by Mitch Kokai
Senior Political Analyst, John Locke Foundation
George Mason University law professor F.H. Buckley, a recent John Locke Foundation Shaftesbury Society speaker, explains for National Review Online readers why he would have preferred to celebrate Constitution Day on Sept. 3, rather than Sept. 17.
Two hundred and twenty-seven years ago the Framers devised the wisest constitution then known to man. That was on September 3, 1787. Unfortunately, they then began to tamper with it, and the document they signed two weeks later has given us the maladies that now beset us.
What was the difference between the two constitutions? On September 3 the delegates had arrived at what they thought were two settled principles. The first was that Congress should appoint the president. Over the prior three and a half months, they had voted six times for a congressionally appointed president. At no time did they vote for a popularly elected president. The second principle was that the president might be removed by a simple majority vote in the Senate, after impeachment in the House. The senators, moreover, might do so whenever they thought the president was failing on the job and guilty of “maladministration.”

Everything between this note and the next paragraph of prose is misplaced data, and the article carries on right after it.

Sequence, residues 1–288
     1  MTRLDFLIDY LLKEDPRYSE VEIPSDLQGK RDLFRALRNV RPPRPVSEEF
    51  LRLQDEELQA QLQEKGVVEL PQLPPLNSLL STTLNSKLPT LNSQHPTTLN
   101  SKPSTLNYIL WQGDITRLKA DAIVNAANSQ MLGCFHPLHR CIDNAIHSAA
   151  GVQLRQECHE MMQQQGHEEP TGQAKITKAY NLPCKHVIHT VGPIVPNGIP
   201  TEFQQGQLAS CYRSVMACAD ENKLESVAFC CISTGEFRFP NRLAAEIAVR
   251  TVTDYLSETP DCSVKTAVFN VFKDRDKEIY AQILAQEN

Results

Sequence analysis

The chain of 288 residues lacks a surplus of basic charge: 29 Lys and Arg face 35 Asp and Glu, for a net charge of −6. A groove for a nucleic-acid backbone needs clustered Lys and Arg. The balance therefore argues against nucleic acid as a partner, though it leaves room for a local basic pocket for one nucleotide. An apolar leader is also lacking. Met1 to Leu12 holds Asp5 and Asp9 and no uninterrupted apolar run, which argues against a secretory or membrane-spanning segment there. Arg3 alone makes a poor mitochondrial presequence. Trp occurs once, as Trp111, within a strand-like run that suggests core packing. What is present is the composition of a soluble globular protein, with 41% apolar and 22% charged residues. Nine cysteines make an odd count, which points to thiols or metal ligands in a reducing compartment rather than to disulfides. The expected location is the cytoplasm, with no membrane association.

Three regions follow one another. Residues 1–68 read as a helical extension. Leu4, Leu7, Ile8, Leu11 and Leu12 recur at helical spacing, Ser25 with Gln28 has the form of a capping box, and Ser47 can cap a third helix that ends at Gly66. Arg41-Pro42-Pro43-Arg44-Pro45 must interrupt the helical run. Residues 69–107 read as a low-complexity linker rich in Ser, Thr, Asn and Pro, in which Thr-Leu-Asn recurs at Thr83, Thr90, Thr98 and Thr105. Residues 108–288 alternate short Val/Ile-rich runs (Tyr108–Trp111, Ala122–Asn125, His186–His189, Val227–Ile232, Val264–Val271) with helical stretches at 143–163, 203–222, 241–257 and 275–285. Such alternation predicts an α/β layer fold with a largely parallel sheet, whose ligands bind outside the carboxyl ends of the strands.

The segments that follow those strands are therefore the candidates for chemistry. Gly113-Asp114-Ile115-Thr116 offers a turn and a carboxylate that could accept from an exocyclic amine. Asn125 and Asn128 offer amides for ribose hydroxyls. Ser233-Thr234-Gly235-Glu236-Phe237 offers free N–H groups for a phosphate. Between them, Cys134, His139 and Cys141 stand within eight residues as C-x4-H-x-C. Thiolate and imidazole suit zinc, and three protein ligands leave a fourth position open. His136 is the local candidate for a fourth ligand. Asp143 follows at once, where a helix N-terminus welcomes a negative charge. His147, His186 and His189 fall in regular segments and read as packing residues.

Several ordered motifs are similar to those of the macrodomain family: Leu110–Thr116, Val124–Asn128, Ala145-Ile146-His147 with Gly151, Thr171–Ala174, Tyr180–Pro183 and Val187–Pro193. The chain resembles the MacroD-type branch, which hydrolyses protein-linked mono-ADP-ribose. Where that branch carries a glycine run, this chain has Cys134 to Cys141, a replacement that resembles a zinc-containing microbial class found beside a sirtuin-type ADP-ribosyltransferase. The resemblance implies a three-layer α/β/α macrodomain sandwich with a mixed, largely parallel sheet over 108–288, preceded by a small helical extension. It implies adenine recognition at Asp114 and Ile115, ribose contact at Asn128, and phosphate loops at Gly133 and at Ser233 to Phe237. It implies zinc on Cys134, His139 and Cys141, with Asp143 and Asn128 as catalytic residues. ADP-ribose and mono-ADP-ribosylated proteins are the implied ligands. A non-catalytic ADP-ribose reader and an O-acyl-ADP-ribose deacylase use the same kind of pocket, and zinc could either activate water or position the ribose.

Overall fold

What would that have looked like, in practice? First, we wouldn’t have the gridlock that today paralyzes Washington. A president chosen by Congress would be far more likely to agree with it, especially if he could so easily be removed. We wouldn’t have our current regime, where presidents are reliably Democratic and Congress is reliably Republican, and the two are scarcely on speaking terms with each other.
I think we’d also see less extremism and more movement toward the political center. Were all sides to talk to one another, they’d find more common ground on which to agree. There would be less tub-thumping from people pushing ideas they knew would never go anywhere.
Finally, the September 3 constitution would rein in what many see as dangerously excessive executive powers. Given today’s gridlock, the president asserts that if he wishes to achieve anything, he has no choice but to legislate from the White House. And so we now expect to see a presidential amnesty for millions of undocumented aliens after the November election. That’s not in line with what the Framers envisioned, of course. They thought that Congress should do the legislating — that it would be something more than the venue for State of the Union addresses. Reining in the executive would be far easier under the September 3 constitution.